Editorial: Free society is built on trust in free press and the people who will use it
In a series of editorials this week, we've sought to focus attention on the fundamental role the free press plays in helping you protect your freedoms. We did not settle lightly on this topic. We felt the call to emphasize the importance of a free press and identify threats it faces precisely because we've arrived at an era when everyday conversation includes phrases like "fake news," "truthiness" and "facts don't exist," and when the distaste of some individuals for certain ideas and interpretations in the public arena leads to attacks on all contrary ideas and interpretations.
As we conclude the series, let's be clear, restating a point we made in our first installment: We at the Daily Herald are not perfect, nor is any outlet in the nebulous arena many people identify as the "mainstream media."
We all make mistakes. We sometimes don't recognize our own biases. We sometimes overcompensate for them. We are humans, striving toward a goal of telling and presenting complex stories with unwavering objectivity.
No person, no institution can hit such a target every time. We miss it sometimes in the daily crush of news by playing an important tax story deep inside the paper instead of on Page 1. We miss it sometimes over the longer term by misjudging the interests and goals of our audience, as many mainstream outlets have done in connecting with the frustrations in middle-America that Donald Trump shaped into his presidential election victory.
But we try. We constantly are revising our aim. And, it's through that effort that we hope to gain your partnership and your trust.
Despite all our faults, we want to give you stories that include all reasonable sides of a question, that don't promote or reinforce a particular point of view but assume you will sort through the quotes, the headlines, the pictures and the information to determine for yourself what to believe and how to fit it into your political and social world view. We want to provide a wide range of opinions about the news, yet also to keep those opinions distinct from our reporting on events and ideas.
We want to ask tough questions of every political figure, every individual who is seeking support for a vested interest. We want to challenge newsmakers, and give you access to all of them, regardless of their political or social opinions. To do otherwise is to assume that political leaders will always be straight with the public, that vested interests will not spin topics toward their objective.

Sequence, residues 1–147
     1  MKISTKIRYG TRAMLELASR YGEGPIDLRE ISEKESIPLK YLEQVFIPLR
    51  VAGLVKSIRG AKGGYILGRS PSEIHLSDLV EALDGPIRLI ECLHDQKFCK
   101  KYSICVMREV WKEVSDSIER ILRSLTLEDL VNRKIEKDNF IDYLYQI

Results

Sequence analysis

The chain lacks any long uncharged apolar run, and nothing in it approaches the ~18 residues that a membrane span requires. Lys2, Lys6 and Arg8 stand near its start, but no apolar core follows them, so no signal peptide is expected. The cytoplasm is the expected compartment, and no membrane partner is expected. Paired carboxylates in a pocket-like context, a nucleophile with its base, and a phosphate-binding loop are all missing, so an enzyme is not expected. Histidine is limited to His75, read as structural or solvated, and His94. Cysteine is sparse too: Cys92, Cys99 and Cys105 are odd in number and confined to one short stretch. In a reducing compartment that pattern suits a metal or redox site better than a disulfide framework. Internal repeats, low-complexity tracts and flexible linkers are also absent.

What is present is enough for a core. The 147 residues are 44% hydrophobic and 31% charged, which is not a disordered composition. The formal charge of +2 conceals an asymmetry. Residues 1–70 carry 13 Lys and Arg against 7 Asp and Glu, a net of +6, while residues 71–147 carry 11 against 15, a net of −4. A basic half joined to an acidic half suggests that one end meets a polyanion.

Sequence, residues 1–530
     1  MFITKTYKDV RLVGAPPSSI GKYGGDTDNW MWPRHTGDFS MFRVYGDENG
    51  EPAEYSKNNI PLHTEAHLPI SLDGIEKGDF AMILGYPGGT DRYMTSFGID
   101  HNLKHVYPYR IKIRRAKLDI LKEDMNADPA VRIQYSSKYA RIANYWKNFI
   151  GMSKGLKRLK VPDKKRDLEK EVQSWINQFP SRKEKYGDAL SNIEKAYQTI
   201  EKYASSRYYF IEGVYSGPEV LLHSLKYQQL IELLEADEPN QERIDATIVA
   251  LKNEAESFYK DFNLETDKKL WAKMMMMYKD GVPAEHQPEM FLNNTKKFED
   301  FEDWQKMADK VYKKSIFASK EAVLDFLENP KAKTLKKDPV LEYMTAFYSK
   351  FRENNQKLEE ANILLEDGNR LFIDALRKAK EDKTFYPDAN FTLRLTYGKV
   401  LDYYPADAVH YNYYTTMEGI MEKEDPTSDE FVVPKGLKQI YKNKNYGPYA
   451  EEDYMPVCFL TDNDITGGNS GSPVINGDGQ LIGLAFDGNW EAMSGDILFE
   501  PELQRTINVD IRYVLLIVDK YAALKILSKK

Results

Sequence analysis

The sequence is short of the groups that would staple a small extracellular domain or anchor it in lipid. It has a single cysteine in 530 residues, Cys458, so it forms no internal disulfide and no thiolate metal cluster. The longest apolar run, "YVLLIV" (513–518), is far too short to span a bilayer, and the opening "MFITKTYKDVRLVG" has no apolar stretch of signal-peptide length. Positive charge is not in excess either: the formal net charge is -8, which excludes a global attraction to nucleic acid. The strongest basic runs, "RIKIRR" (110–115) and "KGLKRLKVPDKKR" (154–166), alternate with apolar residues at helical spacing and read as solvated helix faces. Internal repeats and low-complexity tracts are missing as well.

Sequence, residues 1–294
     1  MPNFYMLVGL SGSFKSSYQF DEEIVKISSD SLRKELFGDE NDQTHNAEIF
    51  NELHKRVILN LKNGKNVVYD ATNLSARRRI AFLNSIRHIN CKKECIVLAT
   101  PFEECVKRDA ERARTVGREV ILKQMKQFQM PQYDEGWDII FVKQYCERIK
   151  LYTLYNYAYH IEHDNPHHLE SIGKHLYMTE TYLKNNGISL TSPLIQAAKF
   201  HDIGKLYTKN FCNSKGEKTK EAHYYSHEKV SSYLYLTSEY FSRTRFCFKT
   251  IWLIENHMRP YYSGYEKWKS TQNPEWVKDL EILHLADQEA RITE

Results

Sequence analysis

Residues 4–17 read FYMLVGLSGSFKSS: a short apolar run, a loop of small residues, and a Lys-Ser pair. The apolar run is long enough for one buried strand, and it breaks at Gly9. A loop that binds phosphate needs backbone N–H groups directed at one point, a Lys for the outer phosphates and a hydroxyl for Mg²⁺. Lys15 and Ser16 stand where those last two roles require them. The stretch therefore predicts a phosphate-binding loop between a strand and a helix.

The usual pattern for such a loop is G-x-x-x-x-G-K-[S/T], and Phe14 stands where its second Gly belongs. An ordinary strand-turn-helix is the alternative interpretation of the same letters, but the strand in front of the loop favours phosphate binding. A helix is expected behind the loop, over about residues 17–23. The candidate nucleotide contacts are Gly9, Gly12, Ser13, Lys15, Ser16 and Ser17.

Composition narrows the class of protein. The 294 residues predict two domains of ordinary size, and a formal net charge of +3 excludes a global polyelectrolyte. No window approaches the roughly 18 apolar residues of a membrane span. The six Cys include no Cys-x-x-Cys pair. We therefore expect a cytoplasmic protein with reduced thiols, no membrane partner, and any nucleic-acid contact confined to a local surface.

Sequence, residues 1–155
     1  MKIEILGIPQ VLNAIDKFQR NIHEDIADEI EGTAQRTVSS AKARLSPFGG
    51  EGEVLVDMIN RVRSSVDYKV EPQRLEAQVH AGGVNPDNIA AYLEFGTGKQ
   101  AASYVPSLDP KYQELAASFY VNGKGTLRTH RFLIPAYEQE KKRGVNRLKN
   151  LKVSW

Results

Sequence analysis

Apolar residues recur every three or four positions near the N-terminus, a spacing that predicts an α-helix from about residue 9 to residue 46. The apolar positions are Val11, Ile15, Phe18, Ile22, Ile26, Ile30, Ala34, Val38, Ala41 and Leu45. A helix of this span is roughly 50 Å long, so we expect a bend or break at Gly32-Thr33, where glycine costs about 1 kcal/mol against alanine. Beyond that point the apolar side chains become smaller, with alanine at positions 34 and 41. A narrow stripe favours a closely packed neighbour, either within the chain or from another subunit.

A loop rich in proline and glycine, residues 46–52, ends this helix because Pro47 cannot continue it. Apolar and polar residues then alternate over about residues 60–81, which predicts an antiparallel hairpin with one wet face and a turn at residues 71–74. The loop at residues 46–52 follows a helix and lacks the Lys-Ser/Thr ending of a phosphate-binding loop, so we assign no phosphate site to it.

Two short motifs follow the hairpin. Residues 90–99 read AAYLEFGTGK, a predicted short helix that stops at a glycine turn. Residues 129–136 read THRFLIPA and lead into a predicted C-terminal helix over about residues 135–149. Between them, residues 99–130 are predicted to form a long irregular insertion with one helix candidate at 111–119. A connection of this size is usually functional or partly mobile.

We believe this approach is a critical component of a meaningful communications structure in a well-functioning democracy. If you don't have available a news report that at least is trying to provide the news in a broad, non-partisan context, you will be forced to select among sources that openly shape, and often distort, facts to promote a particular point of view. Those sources may have their place. We certainly have ours.
The celebrated cynic H.L. Mencken called democracy "the collective wisdom of individual ignorance." He was convinced that people will not do the hard work of researching and examining topics that self-government demands.
We disagree. We are convinced that it's a free press that makes such critical examination possible, and that an institution devoted to the mission of presenting information objectively is the one place in such a mix where readers and viewers can trust that they are being respected, not manipulated.
Founding Father Thomas Jefferson called a free press "the only safeguard of the public liberty" and famously declared that if forced to choose, he would take newspapers without government rather than the other way around. But in almost his very next breath, he also said less famously that "I should mean that every man should receive those papers and be capable of reading them."
In other words, freedom alone is not enough. People also must be capable and willing to seek out a wide range of facts, sort through disparate ideas and tolerate conflicting passions. That approach is a repudiation of Mencken's cynicism and an act of faith in the collective decisions of a free people.
And it is our approach.
If you want easy government, choose tyranny. Let someone else decide what ideas you're worthy of and give you only the information that makes you feel good. If, however, you prefer freedom, be prepared to work for it. We are.
And we're convinced that in an environment where "truth" too often depends on predetermined points of view, we're the type of partner you can count on most for help.